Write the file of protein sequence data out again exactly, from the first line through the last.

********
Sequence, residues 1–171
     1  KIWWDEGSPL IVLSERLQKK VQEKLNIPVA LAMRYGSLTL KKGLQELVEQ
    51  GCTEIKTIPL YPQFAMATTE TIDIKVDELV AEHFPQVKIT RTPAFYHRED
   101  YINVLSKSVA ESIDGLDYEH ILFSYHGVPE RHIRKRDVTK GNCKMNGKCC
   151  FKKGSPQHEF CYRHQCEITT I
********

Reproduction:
Sequence, residues 1–171
     1  KIWWDEGSPL IVLSERLQKK VQEKLNIPVA LAMRYGSLTL KKGLQELVEQ
    51  GCTEIKTIPL YPQFAMATTE TIDIKVDELV AEHFPQVKIT RTPAFYHRED
   101  YINVLSKSVA ESIDGLDYEH ILFSYHGVPE RHIRKRDVTK GNCKMNGKCC
   151  FKKGSPQHEF CYRHQCEITT I